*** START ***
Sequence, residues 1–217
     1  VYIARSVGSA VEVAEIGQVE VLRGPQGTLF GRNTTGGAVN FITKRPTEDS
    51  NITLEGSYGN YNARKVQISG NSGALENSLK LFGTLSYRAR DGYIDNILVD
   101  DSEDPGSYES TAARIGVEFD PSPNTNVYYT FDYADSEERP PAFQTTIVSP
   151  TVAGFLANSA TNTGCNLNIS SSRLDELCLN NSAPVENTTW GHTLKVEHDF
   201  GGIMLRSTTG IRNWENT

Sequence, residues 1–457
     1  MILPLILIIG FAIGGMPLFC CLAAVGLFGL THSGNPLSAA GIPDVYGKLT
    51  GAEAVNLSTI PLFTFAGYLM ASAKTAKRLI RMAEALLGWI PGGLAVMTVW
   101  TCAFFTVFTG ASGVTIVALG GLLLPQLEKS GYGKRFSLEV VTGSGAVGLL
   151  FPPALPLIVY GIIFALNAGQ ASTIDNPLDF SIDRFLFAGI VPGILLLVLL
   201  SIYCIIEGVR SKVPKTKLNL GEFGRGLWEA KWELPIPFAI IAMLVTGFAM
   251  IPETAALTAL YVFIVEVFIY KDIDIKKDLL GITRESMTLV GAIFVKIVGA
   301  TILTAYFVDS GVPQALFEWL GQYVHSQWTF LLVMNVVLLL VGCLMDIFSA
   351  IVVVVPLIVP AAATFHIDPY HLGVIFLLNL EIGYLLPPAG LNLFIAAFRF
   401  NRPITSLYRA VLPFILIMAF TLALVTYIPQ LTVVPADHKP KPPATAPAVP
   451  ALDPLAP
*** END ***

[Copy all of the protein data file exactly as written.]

Sequence, residues 1–217
     1  VYIARSVGSA VEVAEIGQVE VLRGPQGTLF GRNTTGGAVN FITKRPTEDS
    51  NITLEGSYGN YNARKVQISG NSGALENSLK LFGTLSYRAR DGYIDNILVD
   101  DSEDPGSYES TAARIGVEFD PSPNTNVYYT FDYADSEERP PAFQTTIVSP
   151  TVAGFLANSA TNTGCNLNIS SSRLDELCLN NSAPVENTTW GHTLKVEHDF
   201  GGIMLRSTTG IRNWENT

Sequence, residues 1–457
     1  MILPLILIIG FAIGGMPLFC CLAAVGLFGL THSGNPLSAA GIPDVYGKLT
    51  GAEAVNLSTI PLFTFAGYLM ASAKTAKRLI RMAEALLGWI PGGLAVMTVW
   101  TCAFFTVFTG ASGVTIVALG GLLLPQLEKS GYGKRFSLEV VTGSGAVGLL
   151  FPPALPLIVY GIIFALNAGQ ASTIDNPLDF SIDRFLFAGI VPGILLLVLL
   201  SIYCIIEGVR SKVPKTKLNL GEFGRGLWEA KWELPIPFAI IAMLVTGFAM
   251  IPETAALTAL YVFIVEVFIY KDIDIKKDLL GITRESMTLV GAIFVKIVGA
   301  TILTAYFVDS GVPQALFEWL GQYVHSQWTF LLVMNVVLLL VGCLMDIFSA
   351  IVVVVPLIVP AAATFHIDPY HLGVIFLLNL EIGYLLPPAG LNLFIAAFRF
   401  NRPITSLYRA VLPFILIMAF TLALVTYIPQ LTVVPADHKP KPPATAPAVP
   451  ALDPLAP